‘The dragon, that old serpent, which is the Devil, and Satan’ shall be loosed out of prison when the thousand years are finished, and shall ‘go out to deceive the nations’ ‘for a little season’. He knew that he had ‘a short time’, he is let loose for ‘a little season’. The word used in Revelation 20:3 is chronos:

  • Rev. 2:21 ‘I gave her SPACE to repent’.
  • 6:11 ‘They should rest yet for a LITTLE SEASON’.
  • 10:6 ‘There should be TIME no longer’.
  • 20:3 ‘He must be loosed a LITTLE SEASON’.

These occurrences seem to explain one another. Thus, the word of the mighty angel, immediately preceding the voice of the seventh angel when the mystery of God should be finished, and the kingdom set up (Rev. 10:7;11:5) instead of declaring that ‘time’ should cease, which is contradicted by the references to time, days, nights, months and years that are found later in the book, to say nothing of the explicit statement, that there will be a kingdom lasting for a thousand years declares that there will be ‘space to repent’ no longer, and chapter 10 is immediately preceded by the words:

  • ‘Neither repented they of their murders, nor of their sorceries, not of their fornication, nor of their thefts’ (Rev. 9:21).

Under the fifth seal, where the martyrs are told to rest for a little season, we find similar words to those used in Revelation 20:4. These were slain for the word of God, and for the testimony which they held. The white robes given to them link them with those that come out of ‘The Tribulation, the great one’. He that sitteth on the throne shall dwell among them, and the Lamb which is in the midst of the throne shall feed them (Rev. 7:12-17). This tribulation is the same as that of Matthew 24:21,29 which is followed immediately by the coming of the Son of Man with power and great glory. This coming must be the same as that of Revelation 19. The reference to the throne shows that these overcomers are linked with the heavenly Jerusalem:

  • ‘A throne was set in heaven … in the midst of the throne … four beasts (living creatures) … in the midst of the elders, stood a Lamb … the throne of God and of the Lamb shall be in it’ (i.e. the New Jerusalem) (Rev. 4:2,6,8; 5:6; 22:3).

The fact that the Devil will only be loosed a ‘little season’ shows how rapid will be the deception of the nations which are in the four quarters of the earth. These nations will have kept as far from the beloved city as possible, and by their attack upon the camp of the saints and of the beloved city they reveal their innate, though covert, animosity. This time there will be no further respite ‘fire came down from God out of heaven, and devoured them’ (Rev. 20:9). The fact that such a trial should be necessary after the thousand years, declares plainly that the Millennium was no more sinless and perfect and secure than was the garden of Eden in the beginning. Man, tried in the most advantageous conditions, yielded, and man after a thousand years when the Devil shall be under restraint, manifest that no delegated authority, or advantageous environment is enough to bring in that perfect kingdom which the Son will deliver up to God even the Father. That kingdom follows the Millennium, but it is not the purpose of the Apocalypse to do more than lead up to it, which it does in its two closing chapters.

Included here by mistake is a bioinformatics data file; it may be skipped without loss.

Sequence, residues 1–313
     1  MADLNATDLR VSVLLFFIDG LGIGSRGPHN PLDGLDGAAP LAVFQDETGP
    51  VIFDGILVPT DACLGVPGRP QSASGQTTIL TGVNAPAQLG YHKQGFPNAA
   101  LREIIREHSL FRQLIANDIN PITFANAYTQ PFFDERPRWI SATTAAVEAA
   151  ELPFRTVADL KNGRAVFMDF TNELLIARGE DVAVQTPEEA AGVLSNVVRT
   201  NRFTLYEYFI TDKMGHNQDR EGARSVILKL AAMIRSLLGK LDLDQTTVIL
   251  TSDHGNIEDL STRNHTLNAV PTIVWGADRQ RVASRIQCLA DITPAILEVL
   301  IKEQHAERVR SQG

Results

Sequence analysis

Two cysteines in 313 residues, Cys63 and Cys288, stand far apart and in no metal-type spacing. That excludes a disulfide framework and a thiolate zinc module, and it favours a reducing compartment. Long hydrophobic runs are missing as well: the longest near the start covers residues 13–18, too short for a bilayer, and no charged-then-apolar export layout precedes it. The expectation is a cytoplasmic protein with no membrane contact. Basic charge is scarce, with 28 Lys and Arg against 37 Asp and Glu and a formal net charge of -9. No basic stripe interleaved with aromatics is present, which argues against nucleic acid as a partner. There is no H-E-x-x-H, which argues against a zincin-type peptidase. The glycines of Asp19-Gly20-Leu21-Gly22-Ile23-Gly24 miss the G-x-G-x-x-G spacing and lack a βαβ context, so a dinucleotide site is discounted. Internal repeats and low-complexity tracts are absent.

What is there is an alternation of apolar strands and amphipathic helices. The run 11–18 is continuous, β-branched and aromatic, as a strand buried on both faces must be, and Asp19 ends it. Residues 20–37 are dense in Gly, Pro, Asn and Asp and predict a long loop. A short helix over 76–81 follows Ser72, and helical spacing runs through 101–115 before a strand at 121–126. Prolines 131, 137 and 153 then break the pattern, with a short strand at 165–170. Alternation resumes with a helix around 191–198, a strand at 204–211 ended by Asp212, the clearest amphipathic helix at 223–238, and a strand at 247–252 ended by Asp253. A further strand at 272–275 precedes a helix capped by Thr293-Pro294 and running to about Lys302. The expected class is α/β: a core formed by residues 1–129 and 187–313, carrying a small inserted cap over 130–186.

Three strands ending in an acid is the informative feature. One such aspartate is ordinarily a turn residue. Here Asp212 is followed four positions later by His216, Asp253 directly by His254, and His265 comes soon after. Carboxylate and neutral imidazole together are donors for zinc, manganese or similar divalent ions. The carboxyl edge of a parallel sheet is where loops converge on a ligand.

No. 5


In the epistle to the Galatians ‘Jerusalem’ is mentioned five times. Three of these occurrences refer to Jerusalem, the literal city on earth, to which Paul went to see Peter (Gal. 1:17,18; 2:1). In the allegory of Galatians 4, Sinai in Arabia answers to Jerusalem ‘which now is’, but those who form the unity expressed in Galatians 3:28,29 belong to ‘Jerusalem which is above’ (Gal. 4:26). There can be no doubt as to the intention of that word which translates ‘above’ the Greek ano. ‘Filled up to the brim‘ (John 2:7). ‘Beneath … above’ (John 8:23). ‘In heaven above … in earth beneath’ (Acts 2:19), are some examples. When we are exhorted to set our affection on things above, we are also told that such things are (1) not on the earth, and (2) they are where Christ sitteth on the right hand of God (Col. 3:1,2). Jerusalem which is above therefore is in contrast with the Jerusalem which is on the earth. It is not only heavenly in character, it is also heavenly in situation. When this city is mentioned in Revelation, it is called:

  • ‘New Jerusalem, which cometh down out of heaven from my God’ (Rev. 3:12).

This feature is repeated in chapter 21:2 and 10:

  • ‘And I John saw the holy city, new Jerusalem, coming down from God out of heaven’.
  • ‘And he carried me away in the spirit to a great and high mountain, and shewed me that great city, the holy Jerusalem, descending out of heaven from God’.

For the moment we leave the question as to when this city descends and consider the place that it occupies in the epistle to the Hebrews, the only other portion of the New Testament that speaks of it. This is found in Hebrews 12:22, where we read:

  • ‘But ye are come unto mount Sion, and unto the city of the living God, the heavenly Jerusalem’.

This, as in Galatians 4, is in contrast with Mount Sinai. This city is moreover inhabited by an innumerable company of angels, and angels, while they visited the earth on missions of blessing or judgment, are designated as ‘the angels of heaven’ in the Scriptures. In Hebrews 11 we see how the vision of this city influenced Abraham, for it is written:

  • ‘These all died in faith … and confessed that they were strangers and pilgrims on the earth … they seek a country … they desired a better country, that is, an heavenly … God … hath prepared for them a city’ (Heb. 11:13-16).

For this, Abraham was willing to be a tent dweller, ‘for he looked for a city which hath (the) foundations, whose builder and maker is God’ (Heb. 11:9,10). We learn from Isaiah that when God calls Israël to Himself as a woman forsaken, as a wife of youth, when refused, who for a little time had been under the cloud of wrath, and under the hiding of His face, He declares:

  • ‘I will lay thy stones with fair colours, and lay thy foundations with sapphires. And I will make thy windows of agates, and thy gates of carbuncles, and all thy borders of pleasant stones’ (Isa. 54:11,12).

Here, this city is seen to be an earthly reflection of the heavenly Jerusalem, but must not be confused with it. One feature alone shows that the two cities are distinct. The gates of the one are of carbuncles, the gates of the Heavenly Jerusalem were ‘every several gate of one pearl’ (Rev. 21:21), consequently there can be no confusing … … …